The FDA has updated its guidelines for COVID-19 testing procedures to make the process easier and less uncomfortable for patients, as well as to help limit the impact of testing on the supply of personal protective equipment (PPE) used by healthcare workers, including protective masks, face shields, gloves and gowns.
The change means that people taking a test will be able to conduct their own swab, which will involve swabbing shallowly in their nose. The existing process required a healthcare professional to take the swab, and to collect a sample from further up in the nasal cavity. This change does not mean there's any difference in the FDA's guidance regarding at-home sample collection – that is still specifically disallowed by the agency's rules, something the FDA clarified over the weekend in order to put an end to at-home test collection kits being distributed by diagnostic startups.
Individuals will still have to go to authorized clinical or drive-through testing sites, and will still have to meet the Centers for Disease Control and Prevention (CDC)'s screening requirements in order to get tested in the first place. But Vice President Mike Pence said that this will mean that testing conditions are safer for frontline medical personnel in addition to lowering the drain on PPE resources.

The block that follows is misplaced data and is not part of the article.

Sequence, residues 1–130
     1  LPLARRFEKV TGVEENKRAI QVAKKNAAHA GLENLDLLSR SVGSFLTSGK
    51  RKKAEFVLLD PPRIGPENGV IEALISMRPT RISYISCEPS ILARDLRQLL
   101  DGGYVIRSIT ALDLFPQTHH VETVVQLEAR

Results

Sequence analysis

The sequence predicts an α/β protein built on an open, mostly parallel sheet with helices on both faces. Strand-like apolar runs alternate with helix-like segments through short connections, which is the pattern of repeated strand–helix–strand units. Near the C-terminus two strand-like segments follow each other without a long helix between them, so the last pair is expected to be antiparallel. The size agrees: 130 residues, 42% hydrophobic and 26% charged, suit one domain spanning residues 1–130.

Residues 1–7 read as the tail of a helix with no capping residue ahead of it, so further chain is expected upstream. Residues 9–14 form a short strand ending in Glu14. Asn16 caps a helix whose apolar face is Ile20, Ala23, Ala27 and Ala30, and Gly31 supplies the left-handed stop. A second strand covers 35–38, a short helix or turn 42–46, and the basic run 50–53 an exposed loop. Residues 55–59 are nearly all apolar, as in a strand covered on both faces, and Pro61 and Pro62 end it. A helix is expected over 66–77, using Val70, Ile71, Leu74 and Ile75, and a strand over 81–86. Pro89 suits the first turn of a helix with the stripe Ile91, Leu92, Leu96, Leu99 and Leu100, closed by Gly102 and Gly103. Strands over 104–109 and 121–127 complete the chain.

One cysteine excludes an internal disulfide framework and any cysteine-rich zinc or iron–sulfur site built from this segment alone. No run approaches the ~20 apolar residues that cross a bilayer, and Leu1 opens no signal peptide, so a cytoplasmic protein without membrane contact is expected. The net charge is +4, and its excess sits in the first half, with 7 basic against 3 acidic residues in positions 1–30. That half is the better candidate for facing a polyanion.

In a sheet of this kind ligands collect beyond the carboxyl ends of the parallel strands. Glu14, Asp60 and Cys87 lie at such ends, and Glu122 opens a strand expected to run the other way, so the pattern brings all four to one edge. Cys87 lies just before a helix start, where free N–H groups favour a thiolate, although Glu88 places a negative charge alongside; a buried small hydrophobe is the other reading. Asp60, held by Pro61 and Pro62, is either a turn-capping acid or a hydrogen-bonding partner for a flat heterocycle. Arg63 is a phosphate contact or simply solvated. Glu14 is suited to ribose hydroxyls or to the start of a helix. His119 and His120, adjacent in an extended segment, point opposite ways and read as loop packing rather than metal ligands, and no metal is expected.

Pence also added that all state and private labs now required by law to report all of their results by law to the CDC, whereas previously, some states were reporting only positive results, which obviously skewed the data in terms of the number of people in the U.S. tested and the resulting positive diagnoses.